New study reveals performance-based financial incentives may not improve nurse staffing

A new study, conducted by Ellen Kurtzman, R.N., M.P.H., FAAN, assistant research professor in the GW School of Nursing, and published in Health Affairs reveals that while nurses have been recognized as pivotal players in improving hospital quality, including that which is driven by performance-based financial incentives, linking reimbursement to quality of care goals could weaken the nursing workforce and threaten the nursing practice environment.

"This research has given us an unprecedented opportunity to be in the field and interview hospital leaders and unit nurses about the impact of performance-based incentives. While nurses are not typically considered in the design of such incentive programs, our study indicates that they influence the implementation of such policies and are impacted—in some cases negatively—by these programs. Overall, interviewees reported favorable effects of financial incentives on patients but viewed these emerging policies as burdensome to nurses and having little positive effect on improving nurse staffing or turnover," said Kurtzman.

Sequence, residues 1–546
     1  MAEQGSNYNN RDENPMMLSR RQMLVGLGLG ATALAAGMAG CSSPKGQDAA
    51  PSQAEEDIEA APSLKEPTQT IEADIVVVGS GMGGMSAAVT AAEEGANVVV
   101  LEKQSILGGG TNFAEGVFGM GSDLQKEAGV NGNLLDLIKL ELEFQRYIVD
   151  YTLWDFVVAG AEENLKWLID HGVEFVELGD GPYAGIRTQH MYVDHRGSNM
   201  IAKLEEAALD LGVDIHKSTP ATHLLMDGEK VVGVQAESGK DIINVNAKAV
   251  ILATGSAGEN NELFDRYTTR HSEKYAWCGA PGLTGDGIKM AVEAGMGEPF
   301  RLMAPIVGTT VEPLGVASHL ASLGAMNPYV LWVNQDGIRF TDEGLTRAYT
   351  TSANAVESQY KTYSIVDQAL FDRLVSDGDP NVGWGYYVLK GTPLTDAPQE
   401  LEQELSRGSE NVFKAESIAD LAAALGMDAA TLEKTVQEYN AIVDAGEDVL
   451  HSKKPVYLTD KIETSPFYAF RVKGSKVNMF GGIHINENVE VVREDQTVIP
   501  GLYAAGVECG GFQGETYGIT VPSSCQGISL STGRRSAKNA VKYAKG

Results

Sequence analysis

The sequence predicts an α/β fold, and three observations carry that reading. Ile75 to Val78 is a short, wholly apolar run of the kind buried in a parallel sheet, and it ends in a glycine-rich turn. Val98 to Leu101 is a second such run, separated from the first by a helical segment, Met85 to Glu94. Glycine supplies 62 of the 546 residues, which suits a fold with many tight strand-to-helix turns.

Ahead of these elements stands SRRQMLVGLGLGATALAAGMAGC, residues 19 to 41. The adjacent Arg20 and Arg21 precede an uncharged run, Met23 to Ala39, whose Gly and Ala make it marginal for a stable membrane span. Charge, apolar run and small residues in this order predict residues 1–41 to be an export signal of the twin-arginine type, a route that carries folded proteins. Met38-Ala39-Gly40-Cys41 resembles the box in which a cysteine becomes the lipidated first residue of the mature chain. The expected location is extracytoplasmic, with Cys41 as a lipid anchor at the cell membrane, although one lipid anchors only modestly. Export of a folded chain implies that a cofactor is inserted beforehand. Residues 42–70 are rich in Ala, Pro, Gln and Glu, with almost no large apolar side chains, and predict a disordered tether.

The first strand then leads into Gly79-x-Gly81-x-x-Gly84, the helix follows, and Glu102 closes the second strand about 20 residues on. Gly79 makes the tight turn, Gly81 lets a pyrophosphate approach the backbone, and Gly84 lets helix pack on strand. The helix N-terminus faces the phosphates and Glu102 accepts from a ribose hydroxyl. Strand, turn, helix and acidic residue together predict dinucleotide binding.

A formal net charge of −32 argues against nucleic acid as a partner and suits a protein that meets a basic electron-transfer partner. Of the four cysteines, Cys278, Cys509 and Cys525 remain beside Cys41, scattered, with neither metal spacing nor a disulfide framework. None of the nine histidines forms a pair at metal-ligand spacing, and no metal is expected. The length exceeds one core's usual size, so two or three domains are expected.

The study, funded by the Robert Wood Johnson Foundation, was part of a larger, two year research project to examine the impact of performance measurement, public reporting, and performance-based financial payment policies on nurses. These findings are among the first to describe hospital stakeholders' attitudes and perceptions of federal transparency and accountabilities policies on hospitals, nursing practice, and the nursing workforce.


 George Washington University Medical Center


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